FRANKFURT, Germany—The German rubber industry association WDK has warned that a national emissions trading program will have "irreversible consequences" for more than 10,000 medium-sized industrial companies in the country.
In a June 18 statement, the Fair Energy Transition Alliance, which also includes WDK, said the carbon pricing plan starting next year could lead to emigration of business, job losses and reduced value-creation among energy-intensive industries.
In its appeal, the alliance warned that the initiative would not help recovery plans from COVID-19 pandemic and will instead "worsen its effects."
"Germany cannot leave its medium-sized industry out in the cold when it comes to energy prices," said Uwe Mazura, general manager of the Association of the German Textile and Fashion Industry.
He warned that the new emissions trading system along with the high electricity prices will drive thousands of companies into bankruptcy and production abroad.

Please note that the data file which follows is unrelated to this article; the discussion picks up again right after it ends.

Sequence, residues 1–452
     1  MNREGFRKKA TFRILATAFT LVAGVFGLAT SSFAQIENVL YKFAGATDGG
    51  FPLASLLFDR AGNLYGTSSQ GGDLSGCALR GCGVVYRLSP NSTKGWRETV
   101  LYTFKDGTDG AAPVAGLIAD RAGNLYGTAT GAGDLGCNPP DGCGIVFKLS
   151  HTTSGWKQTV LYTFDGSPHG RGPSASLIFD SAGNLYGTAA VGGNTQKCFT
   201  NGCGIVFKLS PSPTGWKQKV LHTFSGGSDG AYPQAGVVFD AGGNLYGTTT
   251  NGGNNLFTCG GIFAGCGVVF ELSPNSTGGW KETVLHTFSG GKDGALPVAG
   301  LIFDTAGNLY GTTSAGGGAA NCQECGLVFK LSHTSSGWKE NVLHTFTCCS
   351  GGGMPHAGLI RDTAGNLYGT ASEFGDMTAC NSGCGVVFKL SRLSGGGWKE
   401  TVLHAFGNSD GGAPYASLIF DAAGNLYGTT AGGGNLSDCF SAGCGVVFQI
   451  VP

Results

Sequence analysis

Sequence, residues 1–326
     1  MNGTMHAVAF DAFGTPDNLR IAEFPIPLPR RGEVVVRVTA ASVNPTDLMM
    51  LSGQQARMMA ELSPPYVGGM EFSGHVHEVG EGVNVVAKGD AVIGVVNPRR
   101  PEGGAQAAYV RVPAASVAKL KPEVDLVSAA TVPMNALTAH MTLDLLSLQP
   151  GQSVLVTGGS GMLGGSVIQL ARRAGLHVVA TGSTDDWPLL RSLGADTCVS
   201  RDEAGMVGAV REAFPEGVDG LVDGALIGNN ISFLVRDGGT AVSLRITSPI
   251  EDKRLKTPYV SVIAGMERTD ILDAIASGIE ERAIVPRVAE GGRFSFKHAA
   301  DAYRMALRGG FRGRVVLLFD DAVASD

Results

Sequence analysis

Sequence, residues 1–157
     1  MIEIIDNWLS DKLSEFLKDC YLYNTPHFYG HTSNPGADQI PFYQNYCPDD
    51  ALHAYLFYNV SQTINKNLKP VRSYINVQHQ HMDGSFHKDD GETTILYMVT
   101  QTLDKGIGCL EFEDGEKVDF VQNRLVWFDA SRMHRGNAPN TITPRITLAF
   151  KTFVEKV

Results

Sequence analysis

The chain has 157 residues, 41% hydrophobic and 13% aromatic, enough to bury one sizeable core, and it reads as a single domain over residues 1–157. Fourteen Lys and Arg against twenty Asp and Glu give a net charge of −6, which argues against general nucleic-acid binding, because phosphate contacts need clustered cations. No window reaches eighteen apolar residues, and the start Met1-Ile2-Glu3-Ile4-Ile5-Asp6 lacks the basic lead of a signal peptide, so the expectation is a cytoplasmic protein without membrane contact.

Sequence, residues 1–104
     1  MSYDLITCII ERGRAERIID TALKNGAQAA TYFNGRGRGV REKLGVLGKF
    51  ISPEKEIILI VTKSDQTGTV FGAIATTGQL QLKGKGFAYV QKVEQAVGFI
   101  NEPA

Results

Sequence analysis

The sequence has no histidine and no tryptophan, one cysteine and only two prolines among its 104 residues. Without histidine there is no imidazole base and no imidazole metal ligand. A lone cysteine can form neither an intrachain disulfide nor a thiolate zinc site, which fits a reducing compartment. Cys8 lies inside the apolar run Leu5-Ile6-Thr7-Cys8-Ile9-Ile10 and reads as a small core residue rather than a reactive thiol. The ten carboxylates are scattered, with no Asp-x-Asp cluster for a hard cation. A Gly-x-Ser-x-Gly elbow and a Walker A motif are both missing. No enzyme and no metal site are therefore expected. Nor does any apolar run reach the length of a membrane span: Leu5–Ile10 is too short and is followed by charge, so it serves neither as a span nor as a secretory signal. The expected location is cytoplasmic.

"That would not help the climate; itwould harm it!" he added.
The alliance recommended that "disadvantageous" energy and climate policy in Germany should be put to the test and remedied.
"For example, national emissions trading may only enter into force once the necessary relief regulations for the companies concerned have been adopted and are effective," it added.
This, for instance, means that electricity should not be expensive if companies are being forced to switch from coal, oil and gas to electricity.
The alliance also is seeking relief for electricity-intensive companies that switch to renewable energies.
Presented in 2019, the national program requires companies active in the heating and transport sectors and trading fuels to pay for their CO2 emissions. A fixed carbon price would begin at about $11 per metric ton, which rises to about $40 per metric ton in 2025. Thereafter, prices will be allowed to float up to a ceiling of about $68 per metric ton, according to commodity market new website Montel.
The move is part of Germany's ambitious plan to become greenhouse gas neutral by 2050. The country has set the preliminary target of cutting emissions by at least 55 percent by 2030 compared to 1990 levels.